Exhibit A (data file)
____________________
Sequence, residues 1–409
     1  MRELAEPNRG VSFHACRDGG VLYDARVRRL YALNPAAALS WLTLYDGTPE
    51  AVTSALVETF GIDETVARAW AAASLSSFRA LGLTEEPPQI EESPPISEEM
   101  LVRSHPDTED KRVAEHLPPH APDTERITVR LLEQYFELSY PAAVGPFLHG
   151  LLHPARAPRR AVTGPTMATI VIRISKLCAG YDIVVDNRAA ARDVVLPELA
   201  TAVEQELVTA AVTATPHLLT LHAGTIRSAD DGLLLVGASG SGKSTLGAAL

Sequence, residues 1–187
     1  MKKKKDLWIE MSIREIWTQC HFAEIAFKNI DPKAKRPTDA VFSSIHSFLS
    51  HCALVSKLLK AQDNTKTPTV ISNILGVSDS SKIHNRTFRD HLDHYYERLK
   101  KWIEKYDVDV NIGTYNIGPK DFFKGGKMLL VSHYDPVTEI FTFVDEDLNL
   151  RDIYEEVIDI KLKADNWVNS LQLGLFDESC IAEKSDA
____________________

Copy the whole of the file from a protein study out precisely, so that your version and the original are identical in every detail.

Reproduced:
Sequence, residues 1–409
     1  MRELAEPNRG VSFHACRDGG VLYDARVRRL YALNPAAALS WLTLYDGTPE
    51  AVTSALVETF GIDETVARAW AAASLSSFRA LGLTEEPPQI EESPPISEEM
   101  LVRSHPDTED KRVAEHLPPH APDTERITVR LLEQYFELSY PAAVGPFLHG
   151  LLHPARAPRR AVTGPTMATI VIRISKLCAG YDIVVDNRAA ARDVVLPELA
   201  TAVEQELVTA AVTATPHLLT LHAGTIRSAD DGLLLVGASG SGKSTLGAAL

Sequence, residues 1–187
     1  MKKKKDLWIE MSIREIWTQC HFAEIAFKNI DPKAKRPTDA VFSSIHSFLS
    51  HCALVSKLLK AQDNTKTPTV ISNILGVSDS SKIHNRTFRD HLDHYYERLK
   101  KWIEKYDVDV NIGTYNIGPK DFFKGGKMLL VSHYDPVTEI FTFVDEDLNL
   151  RDIYEEVIDI KLKADNWVNS LQLGLFDESC IAEKSDA